Thursday, April 26, 2007

Another Successful Shopping Round for the WMC!

The April shopping round of the West Michigan Co-op has come and gone and it was a big success, thanks to the help of many volunteers and the support of about 70 West Michigan residents who shopped to the tune of $3,300.

We've invited an additional 50 members to join for our May cycle, so our numbers will no doubt go up next month! It looks like shopping will take place roughly between May 11 and 17 with the pickup day being May 24. Note: For farmers market season, which monopolizes farmers' time on Saturdays during the growing season, we've switched from a Saturday pickup to a Thursday evening pickup.

This is fun!

Each month it's like Christmas morning -- you forget what you ordered and then on pick-up day it's like opening a present will all these cool, local gifts inside.

On the horizon: We're assembling a board and coming up with by-laws and soon will be figuring out our membership fee structure and surcharges to help us cover expenses like the freelance accountant we hired to handle our money each month. Thanks for your patience as we build this thing!

Monday, March 26, 2007

March Run Success!

Hello, all!

Well, I've tried to get my cohorts to post on here as much as possible, and still, I blog alone. *Sigh.*

But all is well; this month your participation rocketed us to a new record: over $3600. Very well done, and we thank you all.

I wanted to take a moment to tell everybody that I have heard your suggestions, and I've been slowly trying to implement a few:

- Favorites
Favorites have been implemented. Hopefully, you noticed, and marked a few products that you enjoy. Next month, when shopping begins, you'll be able to go into your favorites, and click one button to add all the products available in your favs to your basket. One-click shopping. Then, just go to your basket and update quantities. If you do nothing else on the site for the rest of the week, at least you can get your favorite items every month, easy as pie.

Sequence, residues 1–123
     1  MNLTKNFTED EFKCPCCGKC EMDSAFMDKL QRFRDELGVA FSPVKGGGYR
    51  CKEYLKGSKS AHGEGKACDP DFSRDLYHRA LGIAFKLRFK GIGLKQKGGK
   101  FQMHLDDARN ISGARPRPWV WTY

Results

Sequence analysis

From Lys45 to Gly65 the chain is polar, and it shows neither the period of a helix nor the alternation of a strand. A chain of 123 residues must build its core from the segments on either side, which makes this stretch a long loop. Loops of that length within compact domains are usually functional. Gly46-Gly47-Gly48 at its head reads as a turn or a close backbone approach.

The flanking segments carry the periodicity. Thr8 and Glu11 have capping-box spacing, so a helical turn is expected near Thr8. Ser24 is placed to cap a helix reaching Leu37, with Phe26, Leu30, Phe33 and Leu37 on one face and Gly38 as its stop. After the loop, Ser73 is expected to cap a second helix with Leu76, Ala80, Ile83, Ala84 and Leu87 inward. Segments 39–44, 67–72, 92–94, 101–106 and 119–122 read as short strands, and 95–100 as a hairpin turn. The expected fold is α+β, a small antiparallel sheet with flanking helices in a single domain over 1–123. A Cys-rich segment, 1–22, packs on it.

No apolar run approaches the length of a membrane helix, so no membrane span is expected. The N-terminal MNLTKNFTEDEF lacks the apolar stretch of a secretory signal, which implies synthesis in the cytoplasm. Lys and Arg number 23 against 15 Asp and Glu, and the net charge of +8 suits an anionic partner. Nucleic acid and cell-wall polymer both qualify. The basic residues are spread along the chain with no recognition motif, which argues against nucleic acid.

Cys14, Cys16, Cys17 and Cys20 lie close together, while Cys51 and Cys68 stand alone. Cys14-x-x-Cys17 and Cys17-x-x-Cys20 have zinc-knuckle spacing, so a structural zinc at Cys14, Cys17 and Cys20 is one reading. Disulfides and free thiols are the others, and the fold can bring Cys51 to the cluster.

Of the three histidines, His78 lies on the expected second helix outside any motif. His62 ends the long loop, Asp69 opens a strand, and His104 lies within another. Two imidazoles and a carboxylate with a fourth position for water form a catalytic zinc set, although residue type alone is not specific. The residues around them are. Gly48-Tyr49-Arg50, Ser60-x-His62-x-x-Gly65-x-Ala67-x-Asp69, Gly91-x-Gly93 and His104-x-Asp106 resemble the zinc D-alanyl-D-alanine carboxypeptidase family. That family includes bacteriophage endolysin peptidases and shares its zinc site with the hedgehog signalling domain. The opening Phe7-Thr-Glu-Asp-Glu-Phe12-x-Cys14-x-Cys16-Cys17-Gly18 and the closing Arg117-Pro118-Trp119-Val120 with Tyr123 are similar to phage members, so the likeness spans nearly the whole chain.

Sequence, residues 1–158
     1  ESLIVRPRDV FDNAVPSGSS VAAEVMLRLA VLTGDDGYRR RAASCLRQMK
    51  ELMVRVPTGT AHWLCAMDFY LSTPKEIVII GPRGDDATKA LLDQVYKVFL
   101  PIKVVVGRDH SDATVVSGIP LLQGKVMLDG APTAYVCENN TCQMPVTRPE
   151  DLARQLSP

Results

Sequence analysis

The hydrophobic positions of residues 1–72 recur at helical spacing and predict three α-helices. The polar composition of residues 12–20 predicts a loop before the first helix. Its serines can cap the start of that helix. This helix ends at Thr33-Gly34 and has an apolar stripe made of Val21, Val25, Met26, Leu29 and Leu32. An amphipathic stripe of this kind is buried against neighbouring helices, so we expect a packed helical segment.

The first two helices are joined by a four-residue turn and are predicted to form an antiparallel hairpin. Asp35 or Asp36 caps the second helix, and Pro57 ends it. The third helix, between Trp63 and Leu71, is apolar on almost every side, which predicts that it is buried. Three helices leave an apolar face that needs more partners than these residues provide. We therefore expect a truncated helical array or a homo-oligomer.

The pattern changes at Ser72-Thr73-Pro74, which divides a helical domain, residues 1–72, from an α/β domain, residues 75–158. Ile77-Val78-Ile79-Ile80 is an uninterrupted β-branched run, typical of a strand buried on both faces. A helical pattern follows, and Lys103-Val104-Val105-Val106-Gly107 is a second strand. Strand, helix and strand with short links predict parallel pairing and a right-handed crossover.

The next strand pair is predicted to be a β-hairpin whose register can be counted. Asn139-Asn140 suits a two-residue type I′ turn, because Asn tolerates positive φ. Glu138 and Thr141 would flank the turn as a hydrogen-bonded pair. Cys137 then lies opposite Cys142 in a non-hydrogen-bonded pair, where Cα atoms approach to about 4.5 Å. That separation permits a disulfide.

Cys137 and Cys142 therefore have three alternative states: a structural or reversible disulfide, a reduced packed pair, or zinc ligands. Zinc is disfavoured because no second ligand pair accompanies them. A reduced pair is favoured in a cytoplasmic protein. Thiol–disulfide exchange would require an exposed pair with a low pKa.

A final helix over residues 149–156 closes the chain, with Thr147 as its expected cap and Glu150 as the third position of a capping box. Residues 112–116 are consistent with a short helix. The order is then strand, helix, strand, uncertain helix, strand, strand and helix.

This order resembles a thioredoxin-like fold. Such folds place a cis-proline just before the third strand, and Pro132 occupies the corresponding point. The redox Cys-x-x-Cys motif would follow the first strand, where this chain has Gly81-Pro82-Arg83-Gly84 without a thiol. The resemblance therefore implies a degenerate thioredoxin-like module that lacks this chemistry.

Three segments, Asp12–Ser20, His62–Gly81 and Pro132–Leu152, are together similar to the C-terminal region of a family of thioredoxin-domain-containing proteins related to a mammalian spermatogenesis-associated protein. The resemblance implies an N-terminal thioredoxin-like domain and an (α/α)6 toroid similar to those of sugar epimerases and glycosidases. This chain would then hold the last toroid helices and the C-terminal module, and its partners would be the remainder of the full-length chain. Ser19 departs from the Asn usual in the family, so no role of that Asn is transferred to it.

- Invoice/Basket Printing
You've always been able to print your basket & invoice, but today I did a significant amount of work on the appearance of the invoices. This was a request from a producer, so I took some time and fixed some printing issues all around the site.
I also hope to add the ability to view past invoices soon. We do keep that information for record keeping, but it's currently just buried in the database, with no fleshed-out way to view it. I hear you and it's coming ASAP.

- Weight clarifications
During this lull, I hope to work on the view of the products. We do track information on weights, and I hope to make that info available to the membership, so that as you shop, you'll be able to better understand what size your items will be. I want to implement a weight-request slider as well, so you'll be able to ask the producer for a certain weight of item (when it makes sense to have that available).

I'm happy to announce that I now have a few database-savvy volunteers who are going to become the "tech team" here at the Coop. This should help me get these features onto the site as soon as possible!

I thank you all again, and I'll try to get on here and post more often. Stay tuned, and we'll see you soon.

Tuesday, January 2, 2007


The last week has seen a few new abilities for the Coop site. The first is invites - our administrators can now simply invite members via email, and the new member fills in their relevant information. This is more secure for everybody, because the personal info doesn't have to be hand-written, verbalized, or emailed. And it's much more convenient for us as admins.

The invite system will eventually be opened up to general membership. Members will have a set number of 'invites' they can give out, and those invited will have the opportunity to join the Coop. This has the advantage of managing our growth these first few months - we've been getting LOTS of positive feedback, and many, many requests to join.

Adding on to the Invite system is the Producer Request system. Members can simply click a button and enter their business name, and a request for producer abilities is sent to the admins. Once approved, that Member becomes a Producer, and has the ability to list products on the site. This again saves the headaches for our admins of having to coordinate with producers on their company info, and hopefully gets the membership aware of their abilities as producers.

And on a final note, our schedule for the January order cycle is finalized. As follows:
Jan 5-9: Producers can add/edit/delete items from their product lists.
Jan 10-13: The membership can shop.
Jan 13-19: Producers review and fill orders.
Jan. 19 from 8-10 & 4-6: Producers drop off at Alger Heights Foods.
Jan. 20 from 2-5: Members pick up and pay for their orders.

Stay tuned for more, and post below or email with feedback!

-Paul D.
WMCoop "Tech Guy"